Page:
Signing A Tenancy Agreement
By Isabella Kidd


A tenancy agreement is a legally binding document between the tenant and landlord. It is crucial that you as the potential tenant take the time to read and review the document, understand fully what it details and ask any questions to the property manager before signing and acknowledging that you agree to all it contains. In this blog, we will outline areas to look for and consider when you are about to sign a tenancy agreement.

Your rights and responsibilities:
Renting a property is a big responsibility on you. There are several legalities to know about before you sign your agreement. Each state has governing bodies who dictate the rights of a tenant and their responsibilities. In NSW, Fair Trading looks after tenants and landlords. You can click on their website here: . Knowing the latest information current to you is important.
Your tenancy agreement, bond lodgment form and Ingoing Condition Report are all legally binding documents. You should take the time to thoroughly read each document, so you are aware of what you are agreeing to. If you have any questions about these documents, you can always contact your property manager.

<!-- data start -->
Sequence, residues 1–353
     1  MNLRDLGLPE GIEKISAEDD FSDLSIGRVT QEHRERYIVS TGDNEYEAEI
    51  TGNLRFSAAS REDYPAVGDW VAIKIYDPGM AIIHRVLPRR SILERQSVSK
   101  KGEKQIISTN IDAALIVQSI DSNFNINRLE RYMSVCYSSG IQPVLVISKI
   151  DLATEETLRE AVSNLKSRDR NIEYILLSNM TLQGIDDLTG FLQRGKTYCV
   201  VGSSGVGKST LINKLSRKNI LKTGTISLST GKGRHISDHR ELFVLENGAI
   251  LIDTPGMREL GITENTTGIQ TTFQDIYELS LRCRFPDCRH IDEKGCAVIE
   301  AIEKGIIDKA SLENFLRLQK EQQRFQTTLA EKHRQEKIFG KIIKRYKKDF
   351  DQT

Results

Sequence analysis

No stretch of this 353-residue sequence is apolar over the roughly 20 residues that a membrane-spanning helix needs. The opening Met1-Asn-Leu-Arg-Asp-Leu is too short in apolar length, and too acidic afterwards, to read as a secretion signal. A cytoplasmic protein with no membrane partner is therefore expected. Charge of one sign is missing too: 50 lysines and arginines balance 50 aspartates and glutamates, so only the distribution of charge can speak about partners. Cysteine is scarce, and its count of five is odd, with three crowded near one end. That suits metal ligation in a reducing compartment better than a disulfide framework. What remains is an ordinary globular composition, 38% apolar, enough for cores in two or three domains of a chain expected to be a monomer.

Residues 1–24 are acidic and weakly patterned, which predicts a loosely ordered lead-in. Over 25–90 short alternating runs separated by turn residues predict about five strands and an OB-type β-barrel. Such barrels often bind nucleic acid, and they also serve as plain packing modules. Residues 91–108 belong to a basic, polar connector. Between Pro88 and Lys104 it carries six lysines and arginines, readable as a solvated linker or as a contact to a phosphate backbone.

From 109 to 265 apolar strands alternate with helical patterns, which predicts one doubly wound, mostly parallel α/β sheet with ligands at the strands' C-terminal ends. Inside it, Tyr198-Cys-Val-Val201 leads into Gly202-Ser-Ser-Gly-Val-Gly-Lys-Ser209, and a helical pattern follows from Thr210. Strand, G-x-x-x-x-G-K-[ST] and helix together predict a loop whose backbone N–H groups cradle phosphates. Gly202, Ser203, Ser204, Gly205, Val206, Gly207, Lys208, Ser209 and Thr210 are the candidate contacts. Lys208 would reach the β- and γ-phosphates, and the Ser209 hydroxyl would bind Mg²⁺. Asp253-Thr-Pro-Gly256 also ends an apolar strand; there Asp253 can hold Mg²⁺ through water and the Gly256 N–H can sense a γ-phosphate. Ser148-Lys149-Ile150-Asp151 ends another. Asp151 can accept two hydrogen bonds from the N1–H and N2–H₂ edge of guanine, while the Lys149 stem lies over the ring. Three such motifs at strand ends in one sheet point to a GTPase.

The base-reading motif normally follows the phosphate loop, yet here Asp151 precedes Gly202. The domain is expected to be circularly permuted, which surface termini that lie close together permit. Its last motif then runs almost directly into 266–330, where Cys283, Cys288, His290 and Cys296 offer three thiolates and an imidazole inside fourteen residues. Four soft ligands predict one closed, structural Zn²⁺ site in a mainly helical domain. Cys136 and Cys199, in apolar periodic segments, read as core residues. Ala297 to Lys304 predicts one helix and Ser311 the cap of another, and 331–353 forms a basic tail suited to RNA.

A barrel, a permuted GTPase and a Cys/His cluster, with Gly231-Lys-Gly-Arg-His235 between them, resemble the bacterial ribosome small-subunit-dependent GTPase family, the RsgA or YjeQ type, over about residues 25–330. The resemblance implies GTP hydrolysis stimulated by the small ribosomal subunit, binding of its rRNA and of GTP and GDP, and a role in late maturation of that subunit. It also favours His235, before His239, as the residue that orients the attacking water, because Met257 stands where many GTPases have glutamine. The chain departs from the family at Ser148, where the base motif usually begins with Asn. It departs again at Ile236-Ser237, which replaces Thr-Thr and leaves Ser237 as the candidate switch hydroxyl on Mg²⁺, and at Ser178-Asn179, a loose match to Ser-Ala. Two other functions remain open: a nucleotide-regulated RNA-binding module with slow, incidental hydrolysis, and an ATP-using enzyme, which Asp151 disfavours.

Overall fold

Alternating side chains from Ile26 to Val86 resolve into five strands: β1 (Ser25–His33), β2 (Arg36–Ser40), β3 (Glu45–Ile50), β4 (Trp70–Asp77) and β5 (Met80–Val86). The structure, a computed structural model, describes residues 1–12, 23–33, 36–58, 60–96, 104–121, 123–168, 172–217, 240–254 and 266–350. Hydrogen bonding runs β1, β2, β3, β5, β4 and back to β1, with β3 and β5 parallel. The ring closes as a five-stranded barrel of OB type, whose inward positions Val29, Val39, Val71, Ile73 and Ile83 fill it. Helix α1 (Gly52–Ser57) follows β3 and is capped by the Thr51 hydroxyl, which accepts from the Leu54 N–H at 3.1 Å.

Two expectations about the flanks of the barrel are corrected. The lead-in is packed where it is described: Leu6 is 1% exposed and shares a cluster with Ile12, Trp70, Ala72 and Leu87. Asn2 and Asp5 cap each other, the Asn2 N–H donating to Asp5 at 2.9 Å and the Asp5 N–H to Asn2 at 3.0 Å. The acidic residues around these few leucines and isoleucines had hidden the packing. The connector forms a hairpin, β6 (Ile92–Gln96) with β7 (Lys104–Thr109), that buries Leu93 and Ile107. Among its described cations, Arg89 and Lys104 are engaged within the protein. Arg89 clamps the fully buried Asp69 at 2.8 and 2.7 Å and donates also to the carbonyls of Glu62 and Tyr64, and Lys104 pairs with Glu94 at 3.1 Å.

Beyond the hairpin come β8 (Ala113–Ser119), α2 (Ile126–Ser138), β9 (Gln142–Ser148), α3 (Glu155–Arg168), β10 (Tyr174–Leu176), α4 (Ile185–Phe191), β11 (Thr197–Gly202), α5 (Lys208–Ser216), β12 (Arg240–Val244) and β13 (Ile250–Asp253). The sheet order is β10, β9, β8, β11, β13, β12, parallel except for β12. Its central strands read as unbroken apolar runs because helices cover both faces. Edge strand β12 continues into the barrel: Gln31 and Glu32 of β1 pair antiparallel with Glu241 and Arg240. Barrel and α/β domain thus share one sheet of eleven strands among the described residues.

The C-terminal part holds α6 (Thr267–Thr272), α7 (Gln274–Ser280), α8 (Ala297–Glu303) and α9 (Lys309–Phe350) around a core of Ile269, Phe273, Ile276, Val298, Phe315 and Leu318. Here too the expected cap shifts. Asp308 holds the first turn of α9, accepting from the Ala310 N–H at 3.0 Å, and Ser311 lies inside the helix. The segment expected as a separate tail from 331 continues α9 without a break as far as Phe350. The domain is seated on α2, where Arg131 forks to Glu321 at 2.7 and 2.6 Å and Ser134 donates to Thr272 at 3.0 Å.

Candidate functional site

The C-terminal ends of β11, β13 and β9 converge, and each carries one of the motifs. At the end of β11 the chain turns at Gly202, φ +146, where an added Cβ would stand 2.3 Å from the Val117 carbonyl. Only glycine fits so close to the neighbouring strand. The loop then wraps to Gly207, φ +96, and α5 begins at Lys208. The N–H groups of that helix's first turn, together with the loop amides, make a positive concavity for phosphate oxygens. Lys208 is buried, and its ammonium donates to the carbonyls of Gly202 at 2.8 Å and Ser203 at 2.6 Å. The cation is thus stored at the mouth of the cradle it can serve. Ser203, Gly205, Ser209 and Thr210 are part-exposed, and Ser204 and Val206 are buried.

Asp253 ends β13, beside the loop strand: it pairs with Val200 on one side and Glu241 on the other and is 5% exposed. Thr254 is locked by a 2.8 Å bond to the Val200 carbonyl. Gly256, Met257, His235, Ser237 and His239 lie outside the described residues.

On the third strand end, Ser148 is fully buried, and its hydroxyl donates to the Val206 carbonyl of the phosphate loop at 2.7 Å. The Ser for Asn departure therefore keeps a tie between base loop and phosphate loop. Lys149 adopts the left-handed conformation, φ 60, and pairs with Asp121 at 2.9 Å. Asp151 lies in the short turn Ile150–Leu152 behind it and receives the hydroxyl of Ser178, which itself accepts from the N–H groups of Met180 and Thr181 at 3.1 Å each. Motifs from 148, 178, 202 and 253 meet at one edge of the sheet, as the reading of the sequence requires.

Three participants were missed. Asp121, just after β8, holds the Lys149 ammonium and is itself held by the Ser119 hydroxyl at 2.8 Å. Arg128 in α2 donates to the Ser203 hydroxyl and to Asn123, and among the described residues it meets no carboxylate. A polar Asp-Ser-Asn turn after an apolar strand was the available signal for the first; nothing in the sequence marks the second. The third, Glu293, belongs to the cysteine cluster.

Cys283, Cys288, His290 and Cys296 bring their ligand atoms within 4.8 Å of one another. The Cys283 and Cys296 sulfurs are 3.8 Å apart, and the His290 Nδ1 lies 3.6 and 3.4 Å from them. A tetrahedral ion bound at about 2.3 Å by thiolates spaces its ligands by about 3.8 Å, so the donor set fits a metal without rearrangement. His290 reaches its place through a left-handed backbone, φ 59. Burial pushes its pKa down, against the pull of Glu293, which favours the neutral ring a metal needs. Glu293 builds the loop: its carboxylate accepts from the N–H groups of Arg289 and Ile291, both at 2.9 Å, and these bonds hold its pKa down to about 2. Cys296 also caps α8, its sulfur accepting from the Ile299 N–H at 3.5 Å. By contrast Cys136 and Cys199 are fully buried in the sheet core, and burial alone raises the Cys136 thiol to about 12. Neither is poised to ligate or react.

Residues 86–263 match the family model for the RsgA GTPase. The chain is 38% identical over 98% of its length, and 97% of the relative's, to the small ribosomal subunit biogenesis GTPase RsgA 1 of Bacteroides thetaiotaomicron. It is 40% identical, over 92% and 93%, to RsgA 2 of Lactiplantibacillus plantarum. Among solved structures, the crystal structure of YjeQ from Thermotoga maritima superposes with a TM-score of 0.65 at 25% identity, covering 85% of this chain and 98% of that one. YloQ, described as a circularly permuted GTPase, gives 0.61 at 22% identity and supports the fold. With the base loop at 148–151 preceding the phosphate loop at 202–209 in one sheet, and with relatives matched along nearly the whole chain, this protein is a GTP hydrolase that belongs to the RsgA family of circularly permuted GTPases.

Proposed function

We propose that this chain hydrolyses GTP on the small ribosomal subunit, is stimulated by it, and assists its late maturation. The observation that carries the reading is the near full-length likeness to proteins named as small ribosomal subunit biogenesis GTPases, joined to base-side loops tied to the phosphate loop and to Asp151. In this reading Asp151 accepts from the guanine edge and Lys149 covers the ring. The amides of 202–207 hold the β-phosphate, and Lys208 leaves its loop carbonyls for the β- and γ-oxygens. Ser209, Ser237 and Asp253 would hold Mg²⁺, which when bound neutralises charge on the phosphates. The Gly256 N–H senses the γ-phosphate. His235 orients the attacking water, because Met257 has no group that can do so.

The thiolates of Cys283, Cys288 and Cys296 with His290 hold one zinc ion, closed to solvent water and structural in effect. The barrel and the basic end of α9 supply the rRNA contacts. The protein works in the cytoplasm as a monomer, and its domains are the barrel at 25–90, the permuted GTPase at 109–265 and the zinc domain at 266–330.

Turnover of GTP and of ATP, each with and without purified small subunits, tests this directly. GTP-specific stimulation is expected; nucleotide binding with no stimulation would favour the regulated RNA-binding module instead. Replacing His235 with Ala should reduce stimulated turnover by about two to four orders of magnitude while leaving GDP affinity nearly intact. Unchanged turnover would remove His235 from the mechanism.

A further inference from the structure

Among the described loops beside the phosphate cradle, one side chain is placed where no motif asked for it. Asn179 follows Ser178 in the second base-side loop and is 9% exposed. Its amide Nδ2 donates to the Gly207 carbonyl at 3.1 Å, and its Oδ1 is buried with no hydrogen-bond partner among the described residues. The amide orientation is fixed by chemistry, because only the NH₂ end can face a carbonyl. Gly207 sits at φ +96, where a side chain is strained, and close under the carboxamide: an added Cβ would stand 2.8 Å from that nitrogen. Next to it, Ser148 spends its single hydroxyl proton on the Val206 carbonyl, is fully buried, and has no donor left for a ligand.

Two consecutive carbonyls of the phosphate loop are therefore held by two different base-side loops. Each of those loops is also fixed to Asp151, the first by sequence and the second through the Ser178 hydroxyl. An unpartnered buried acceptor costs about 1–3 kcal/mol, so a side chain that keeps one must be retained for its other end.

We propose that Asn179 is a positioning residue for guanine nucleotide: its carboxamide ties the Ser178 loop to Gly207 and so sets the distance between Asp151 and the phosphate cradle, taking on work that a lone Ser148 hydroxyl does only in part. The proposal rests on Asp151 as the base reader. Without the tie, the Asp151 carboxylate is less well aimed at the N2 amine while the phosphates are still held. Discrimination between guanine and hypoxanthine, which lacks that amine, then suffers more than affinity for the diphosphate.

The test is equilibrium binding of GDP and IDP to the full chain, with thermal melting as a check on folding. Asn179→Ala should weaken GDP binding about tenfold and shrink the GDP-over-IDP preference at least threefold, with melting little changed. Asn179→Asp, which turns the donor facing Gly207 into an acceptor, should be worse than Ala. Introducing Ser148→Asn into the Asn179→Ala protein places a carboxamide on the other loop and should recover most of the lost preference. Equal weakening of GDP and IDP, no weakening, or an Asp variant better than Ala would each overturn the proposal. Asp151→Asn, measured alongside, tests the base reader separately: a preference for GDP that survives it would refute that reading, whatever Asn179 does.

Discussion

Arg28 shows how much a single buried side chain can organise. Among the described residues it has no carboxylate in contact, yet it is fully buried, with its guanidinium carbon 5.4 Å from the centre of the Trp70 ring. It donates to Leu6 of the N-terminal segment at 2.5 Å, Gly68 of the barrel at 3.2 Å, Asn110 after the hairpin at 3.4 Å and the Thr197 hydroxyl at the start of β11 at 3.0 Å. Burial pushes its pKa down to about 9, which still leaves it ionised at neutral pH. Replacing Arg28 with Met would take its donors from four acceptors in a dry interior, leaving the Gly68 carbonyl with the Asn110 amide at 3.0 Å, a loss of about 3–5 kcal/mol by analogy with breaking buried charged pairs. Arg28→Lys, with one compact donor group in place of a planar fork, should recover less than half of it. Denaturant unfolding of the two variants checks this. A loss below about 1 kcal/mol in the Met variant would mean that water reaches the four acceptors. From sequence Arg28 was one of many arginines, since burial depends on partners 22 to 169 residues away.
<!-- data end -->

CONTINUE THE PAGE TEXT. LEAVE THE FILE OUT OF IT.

Terms of your lease:
Your tenancy agreement will outline tenant names, length of the lease, rental payment amount, rental bond amount, any changes in rent during the lease period and any other charges you may be responsible for such as water usage. With your agreement being a legally binding document, if anything changes to the property or the agreed terms of the original signed tenancy agreement, these changes must be amended straight away and signed by both the tenants and property manager or landlord.

Condition report:
An Ingoing Condition Report is a legal document that is provided as part of your tenancy agreement. It is essential that you give attention to this report as it plays a role in the protection of your bond upon the completion of your tenancy. Ingoing tenants have a limited window of time to add comments or photos to the condition report. If you do not return your ICR within the set timeframe, the ICR supplied by your property manager will be the document that is referenced at the end of the tenancy.

If you have any questions or concerns, your property manager is always there to answer them.